The most obvious benefit of having daggerboards on a catamaran is that they provide additional lift and stability, allowing for improved performance in light winds.

By raising and lowering the daggerboards, the skipper can adjust the center of effort on the boat, giving them greater control over the boat’s maneuverability.

This can be advantageous in tricky situations, such as sailing close-hauled or in tight spaces.

Additionally, daggerboards can help reduce drag in certain conditions.

By raising the daggerboards, the boat can be steered more efficiently by using the hulls to provide lift instead of the daggerboards, which can result in less drag and improved performance.

Finally, daggerboards can help improve the safety of a catamaran.

In rough seas, daggerboards can provide additional stability, helping to keep the boat upright and preventing it from capsizing or being damaged.

This can be especially beneficial when sailing in unfamiliar waters or in bad weather conditions.

In summary, daggerboards are an invaluable component of sailing catamarans.

They provide added lift and stability, can be used to adjust the center of effort on the boat, reduce drag, and improve the safety of the boat.

With all these features, it’s no wonder that daggerboards are a must-have for any serious catamaran sailor.

Types of Daggerboards

how to use daggerboards on catamarans

When it comes to daggerboards, there are two main types that can be found on a catamaran: retractable and fixed. Retractable daggerboards are typically made of fiberglass and can be raised and lowered at the skipper’s discretion. This allows the skipper to adjust the center of effort of the boat, providing improved maneuverability and control. Fixed daggerboards are usually made of wood or metal and are permanently mounted in the centerline of the boat. These boards provide an extra layer of stability and lift to the catamaran, allowing it to perform better in light winds.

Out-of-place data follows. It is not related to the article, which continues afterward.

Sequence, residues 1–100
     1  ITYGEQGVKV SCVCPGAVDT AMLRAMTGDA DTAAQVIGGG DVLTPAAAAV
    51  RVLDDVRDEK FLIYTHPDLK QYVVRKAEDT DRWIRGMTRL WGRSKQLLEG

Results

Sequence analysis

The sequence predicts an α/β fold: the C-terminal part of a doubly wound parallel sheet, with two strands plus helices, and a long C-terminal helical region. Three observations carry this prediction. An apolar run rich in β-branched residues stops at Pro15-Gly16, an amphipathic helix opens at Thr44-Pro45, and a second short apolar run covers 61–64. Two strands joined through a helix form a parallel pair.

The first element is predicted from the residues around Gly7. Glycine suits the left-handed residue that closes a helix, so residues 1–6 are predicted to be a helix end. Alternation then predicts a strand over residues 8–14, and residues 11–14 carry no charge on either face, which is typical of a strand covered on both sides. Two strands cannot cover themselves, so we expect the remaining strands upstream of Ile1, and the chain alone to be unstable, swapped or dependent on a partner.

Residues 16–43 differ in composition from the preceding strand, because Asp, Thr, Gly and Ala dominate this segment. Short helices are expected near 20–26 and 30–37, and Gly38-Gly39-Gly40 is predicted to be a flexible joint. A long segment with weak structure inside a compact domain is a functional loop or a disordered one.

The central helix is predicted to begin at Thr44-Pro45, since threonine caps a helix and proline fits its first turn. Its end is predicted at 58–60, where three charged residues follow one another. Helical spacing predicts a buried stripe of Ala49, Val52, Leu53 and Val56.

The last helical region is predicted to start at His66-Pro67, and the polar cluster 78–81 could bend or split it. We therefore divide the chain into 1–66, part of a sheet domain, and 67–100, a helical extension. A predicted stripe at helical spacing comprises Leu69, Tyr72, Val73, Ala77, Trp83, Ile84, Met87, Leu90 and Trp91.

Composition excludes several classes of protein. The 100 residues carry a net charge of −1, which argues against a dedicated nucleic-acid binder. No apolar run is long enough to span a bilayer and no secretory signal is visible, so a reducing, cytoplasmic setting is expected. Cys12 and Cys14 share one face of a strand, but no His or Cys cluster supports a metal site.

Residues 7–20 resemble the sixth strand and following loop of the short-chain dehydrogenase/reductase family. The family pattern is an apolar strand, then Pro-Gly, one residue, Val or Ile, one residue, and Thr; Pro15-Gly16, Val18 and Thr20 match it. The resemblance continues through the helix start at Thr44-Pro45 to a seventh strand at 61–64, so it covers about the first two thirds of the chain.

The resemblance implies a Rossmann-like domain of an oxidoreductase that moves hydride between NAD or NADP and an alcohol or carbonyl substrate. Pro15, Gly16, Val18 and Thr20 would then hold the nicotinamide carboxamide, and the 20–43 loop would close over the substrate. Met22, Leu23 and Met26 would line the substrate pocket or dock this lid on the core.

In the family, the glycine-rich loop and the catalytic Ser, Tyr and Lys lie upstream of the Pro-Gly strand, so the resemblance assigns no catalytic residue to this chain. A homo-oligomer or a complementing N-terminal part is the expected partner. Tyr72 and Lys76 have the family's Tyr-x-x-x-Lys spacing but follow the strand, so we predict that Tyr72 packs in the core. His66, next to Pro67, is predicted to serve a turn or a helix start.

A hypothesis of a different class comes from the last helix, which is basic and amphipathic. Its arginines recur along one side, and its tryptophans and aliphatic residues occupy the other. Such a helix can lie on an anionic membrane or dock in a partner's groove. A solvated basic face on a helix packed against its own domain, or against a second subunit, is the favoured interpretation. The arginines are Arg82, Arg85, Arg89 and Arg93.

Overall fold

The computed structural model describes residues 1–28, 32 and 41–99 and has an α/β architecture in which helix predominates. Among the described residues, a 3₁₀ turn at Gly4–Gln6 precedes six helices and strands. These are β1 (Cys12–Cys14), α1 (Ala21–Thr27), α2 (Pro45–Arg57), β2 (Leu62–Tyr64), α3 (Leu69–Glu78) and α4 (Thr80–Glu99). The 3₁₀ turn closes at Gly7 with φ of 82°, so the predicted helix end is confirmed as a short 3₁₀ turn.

In addition to the two main types of daggerboards, there are also some other variations that can be found on some catamarans.

A daggerboard trunk is a type of daggerboard that is mounted inside the hull of the boat.

This allows the daggerboard to be raised and lowered without having to be removed from the boat.

A foil daggerboard is a type of retractable daggerboard that is designed to provide additional lift and stability to the catamaran, allowing it to perform better in heavier winds.

There are also battened daggerboards, which are a type of fixed daggerboard that is designed to provide additional lift and stability to the catamaran.

No matter which type of daggerboard is chosen, they all provide additional lift and stability to a catamaran, allowing it to perform better in different wind conditions.

By understanding the different types of daggerboards and how they can improve a catamaran’s performance, skippers can make the most of their sailing experience.

Daggerboard Maintenance

Daggerboard maintenance is an important aspect of owning and sailing a catamaran.

It is important to keep the boards in good condition to ensure they are performing as efficiently as possible.

This means periodically checking the boards for wear and tear, making sure they are properly lubricated and free of debris, and ensuring that the fastenings and connections are secure.

Regularly inspecting the boards for signs of corrosion or damage is also important.

If damage is found, it should be addressed immediately to prevent further damage and to ensure that the boards are performing as efficiently as possible.

In addition to inspecting the boards, it is important to keep them lubricated to ensure smooth and efficient performance.

The best way to do this is by regularly applying a lubricant specifically designed for marine use.

This will help reduce friction and keep the boards in good condition for longer.